The following was written on December 29th. I've been meaning to post it but.... This was written for myself but also I had been asked if I would be willing to write something for a book that a program we were connected with at the hospital is putting together.
Six months ago (today) I was holding my (almost 3 months old) daughter as she was dying. I’ve been dreading this day. Amazingly it’s now the end of the day and I haven’t cried. I haven’t cried for awhile. Does that mean my heart is healed and the tears are gone for good?
No, of course not. But, God heals my broken heart a little more each day.
The first couple of weeks after her death I felt numb to most of the pain. It hurt and I cried but I felt like everything was going to be okay. I was in the “this happened for a reason” mode. I still felt strong. A big part was that it didn’t feel like reality.
Then, all of a sudden it hit.
It hit hard.
The hope that this was some sort of nightmare and I would wake up was gone.
It become reality.
I became depressed.
This feeling lasted a long time. Eventually with the help of my faith and some anti-depressants this feeling lessened.
What did I feel in between the “this really isn’t happening” and the “it hurts so much I’ll never stop crying”?
I had known from the day Olivia was born that her time was limited. They wondered if she would make it through her first night. She spent 74 days in the Neonatal Intensive Care Unit. She was home with us for only 14.
I regretted not spending more time at the hospital with her. (Though I know that I did what I could considering I had Olivia’s twin sister and 17 month old brother at home. I wish that I had held her more. We took a lot of pictures but I regretted not video taping her.
Many of the regrets had to do with the day she died. I didn’t realize when we called the funeral home very soon after her passing that the men would be there right away to take her.
People had told me to take my time holding her even after she died. I probably would have, but when I knew they were coming in less than 20 minutes I didn’t have much time. I changed her outfit because I wanted to wash what she was wearing. It was one of my favorite things on her and I (thought) I wanted her to be buried in it. Turns out, I wish I had kept the outfit.
I regret not giving her a final bath and dressing her myself for her burial. I didn’t know what to expect or what to ask when the funeral arrangements were made.
(I’ve been writing for half an hour. Now it’s getting difficult. The words were flowing smoothly. Now I find my pen stopping and my mind wandering. Remembering. Regretting. Missing)
Those few hours after her death would have been the last time I could hold her body. The funeral home (men) had said that I could bring the outfit I was washing and put it on her the next day. I was going to but I didn’t take into account the changes her body would experience over night. My husband was with me as I started to undress her. He stopped me and said, ‘ We should just let them do it and remember her as she was.”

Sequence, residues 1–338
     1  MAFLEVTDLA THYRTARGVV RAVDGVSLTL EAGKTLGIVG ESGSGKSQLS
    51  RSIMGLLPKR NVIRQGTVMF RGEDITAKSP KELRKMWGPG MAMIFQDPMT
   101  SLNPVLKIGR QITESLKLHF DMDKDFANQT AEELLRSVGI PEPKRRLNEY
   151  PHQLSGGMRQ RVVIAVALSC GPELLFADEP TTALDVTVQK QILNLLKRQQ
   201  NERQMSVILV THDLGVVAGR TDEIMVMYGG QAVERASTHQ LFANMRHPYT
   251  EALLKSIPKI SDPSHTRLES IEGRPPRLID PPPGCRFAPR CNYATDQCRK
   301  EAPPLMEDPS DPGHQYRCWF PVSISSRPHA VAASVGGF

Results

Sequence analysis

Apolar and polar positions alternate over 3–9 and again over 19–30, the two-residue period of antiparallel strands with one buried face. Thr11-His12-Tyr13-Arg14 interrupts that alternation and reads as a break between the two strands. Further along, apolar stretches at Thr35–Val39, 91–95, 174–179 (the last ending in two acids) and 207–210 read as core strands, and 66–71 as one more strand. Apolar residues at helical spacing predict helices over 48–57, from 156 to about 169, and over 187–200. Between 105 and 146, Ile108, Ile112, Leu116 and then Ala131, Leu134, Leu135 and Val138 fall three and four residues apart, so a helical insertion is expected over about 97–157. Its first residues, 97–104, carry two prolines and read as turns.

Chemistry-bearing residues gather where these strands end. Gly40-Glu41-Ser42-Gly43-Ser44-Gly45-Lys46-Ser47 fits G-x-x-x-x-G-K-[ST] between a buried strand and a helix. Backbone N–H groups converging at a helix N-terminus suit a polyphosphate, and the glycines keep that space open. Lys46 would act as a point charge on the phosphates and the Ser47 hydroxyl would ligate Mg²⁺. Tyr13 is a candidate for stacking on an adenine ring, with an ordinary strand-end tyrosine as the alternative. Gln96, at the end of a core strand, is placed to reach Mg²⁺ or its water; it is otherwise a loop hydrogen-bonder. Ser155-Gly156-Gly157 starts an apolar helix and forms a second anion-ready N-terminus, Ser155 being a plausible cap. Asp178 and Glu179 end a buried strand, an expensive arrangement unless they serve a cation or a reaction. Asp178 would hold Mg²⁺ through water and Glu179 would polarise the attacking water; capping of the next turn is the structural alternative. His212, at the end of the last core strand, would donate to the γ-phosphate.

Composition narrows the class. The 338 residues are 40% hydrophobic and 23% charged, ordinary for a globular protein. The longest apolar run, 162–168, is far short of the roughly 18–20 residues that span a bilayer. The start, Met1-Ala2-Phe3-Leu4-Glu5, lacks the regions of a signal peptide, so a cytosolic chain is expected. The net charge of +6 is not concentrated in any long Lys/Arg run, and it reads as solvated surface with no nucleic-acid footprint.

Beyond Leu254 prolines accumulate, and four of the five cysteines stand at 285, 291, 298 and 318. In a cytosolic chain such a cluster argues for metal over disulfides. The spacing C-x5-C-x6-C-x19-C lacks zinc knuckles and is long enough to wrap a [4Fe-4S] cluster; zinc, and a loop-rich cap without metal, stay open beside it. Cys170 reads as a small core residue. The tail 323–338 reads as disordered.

That was probably a wise thing. It was too late. I has missed my chance to dress her.
I wish I had known to take her blanket and some of her things to cover her casket. I hadn’t known what to expect at her graveside service. Different places may do it different ways. We arrived at the cemetery just moments before everyone else. We were faced with a bare, little, white casket sitting on the ground. It was so little.
I felt so unprepared. My motherly instincts were in overdrive. My daughter’s body was inside that box. It was a hot day and she was wrapped with a fleece blanket. I wanted to open the casket and take her out and hold her to my chest. I couldn’t of course.
She was really gone. All hope for a miracle that she would be healed was buried in that box with her.
I miss her everyday. I can be doing really well and then I’ll sit and look at some pictures. The tears fall. It hurts.
One of the biggest things I’ve had trouble with is falling asleep at night. That’s when I think a lot. My body is tired, but my mind decides to run a marathon.
Every situation is different , I know. Some losses are expected…others without warning. The hurt, though, is still the same.
My faith in the Lord Jesus Christ and my trust in His ultimate plan for my life has been the solid rock on which I have been able to stand on during the most difficult time of my life. Even when I have been too weak to stand I have been able to fall into his arms of grace and know that I will get through this - one moment at a time.
My husband and I started a webpage while Olivia was still in the hospital. To read about her life and how we have dealt with her death you can visit
www.ourpreciousones.blogspot.com (to follow the story chronologically start with the April 2006 archives.)
Written by Amy Ritchie December 29, 2007